The Nubian ibex is a desert-dwelling goat species found in mountainous areas of northern and northeast Africa, and the Middle East. It is the only ibex species adapted to life in the hot, arid regions of the world.
They live on rocky, desert mountains with steep slopes and hills, with associated plateaus, canyons, and ravines. They are found in small pockets over a vast geographical range, including Egypt, Sudan, Ethiopia, Eritrea, Israel, Jordan, Saudi Arabia, Yemen, and Oman.
Their body coat is a light sandy brown color, with a white underbelly, while the legs display noticeable black-and-white markings. Bucks have a dark stripe down the back, and older males grow a long, dark beard. During the October rut, the neck, chest, sides, shoulders, and upper legs of the bucks become dark brown to almost black in color.
They stand around 2–2.5 ft. tall at the shoulder and weigh around 55-145 lbs., the males being relatively larger than the females.
This relatively small ibex is distinguished by the striking, backward-arching horns of the male, which are long, slender, and marked with 24-36 knobby ridges. They can grow to impressive lengths of up to 4 feet! Female horns, on the other hand, are thinner and shorter, and grow anywhere from 5-14 inches.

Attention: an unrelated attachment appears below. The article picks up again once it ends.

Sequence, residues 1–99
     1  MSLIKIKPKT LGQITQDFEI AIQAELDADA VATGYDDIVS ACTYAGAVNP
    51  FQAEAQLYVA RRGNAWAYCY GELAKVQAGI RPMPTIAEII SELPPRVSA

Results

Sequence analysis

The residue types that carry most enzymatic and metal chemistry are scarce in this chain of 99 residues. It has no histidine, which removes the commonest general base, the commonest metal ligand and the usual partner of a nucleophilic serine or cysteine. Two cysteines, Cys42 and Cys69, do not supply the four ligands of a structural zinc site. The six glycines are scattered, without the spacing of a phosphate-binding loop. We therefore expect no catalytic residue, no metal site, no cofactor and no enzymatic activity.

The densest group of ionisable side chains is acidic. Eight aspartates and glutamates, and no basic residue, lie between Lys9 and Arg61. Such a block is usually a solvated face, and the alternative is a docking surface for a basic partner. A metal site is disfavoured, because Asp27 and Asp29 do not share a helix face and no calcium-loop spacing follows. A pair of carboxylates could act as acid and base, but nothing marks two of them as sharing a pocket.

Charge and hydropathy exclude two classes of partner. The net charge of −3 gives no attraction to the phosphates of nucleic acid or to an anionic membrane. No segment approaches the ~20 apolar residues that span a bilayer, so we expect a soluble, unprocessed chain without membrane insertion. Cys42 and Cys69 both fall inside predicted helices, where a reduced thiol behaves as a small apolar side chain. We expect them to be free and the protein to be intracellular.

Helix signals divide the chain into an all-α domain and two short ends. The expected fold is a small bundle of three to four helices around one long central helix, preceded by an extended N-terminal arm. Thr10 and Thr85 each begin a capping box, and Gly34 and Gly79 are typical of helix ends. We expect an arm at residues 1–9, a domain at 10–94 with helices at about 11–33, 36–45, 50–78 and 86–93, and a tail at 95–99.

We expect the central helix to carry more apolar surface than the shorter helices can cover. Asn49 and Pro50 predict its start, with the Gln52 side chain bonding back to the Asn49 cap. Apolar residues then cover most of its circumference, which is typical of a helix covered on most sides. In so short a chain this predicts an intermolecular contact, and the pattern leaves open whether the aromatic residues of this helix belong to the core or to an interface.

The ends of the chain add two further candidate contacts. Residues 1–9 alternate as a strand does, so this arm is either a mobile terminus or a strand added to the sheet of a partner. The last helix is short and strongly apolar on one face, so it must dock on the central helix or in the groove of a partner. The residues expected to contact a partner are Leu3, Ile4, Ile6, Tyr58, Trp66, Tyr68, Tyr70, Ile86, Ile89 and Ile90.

Nubian ibex spend their time in steep mountainous terrain and are very well adapted to dry climates. They are nimble runners on rocks and slopes but are slow on flat ground. Their shiny coat reflects harsh sunlight and solar radiation, an efficient cooling mechanism. They do not like getting wet, so despite their coat being water-proof, they take shelter during severe rainstorms.
These incredibly agile animals move among rocks and open plains to look for grasses, shoots, and leaves, which are their staple diet. They rest occasionally to chew cud and stand on their hind legs to reach foliage of low-hanging vegetation.
Nubian ibex live in herds of up to 20 animals, the offspring staying with their maternal herd for the first three years of life. Breeding season occurs during the late summer or early fall, usually in October. Gestation lasts about five months, and the majority of young are born in March. The usual litter size is just one, but twins have also been documented.
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